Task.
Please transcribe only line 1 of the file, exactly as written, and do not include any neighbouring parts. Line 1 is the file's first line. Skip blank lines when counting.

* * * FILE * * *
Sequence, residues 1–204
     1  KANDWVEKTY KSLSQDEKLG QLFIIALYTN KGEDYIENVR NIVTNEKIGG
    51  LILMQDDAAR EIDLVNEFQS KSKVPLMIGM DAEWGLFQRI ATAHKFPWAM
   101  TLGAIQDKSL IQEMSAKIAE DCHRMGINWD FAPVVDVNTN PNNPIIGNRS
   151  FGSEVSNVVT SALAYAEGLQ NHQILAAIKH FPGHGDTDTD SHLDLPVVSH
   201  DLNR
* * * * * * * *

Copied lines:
Sequence, residues 1–204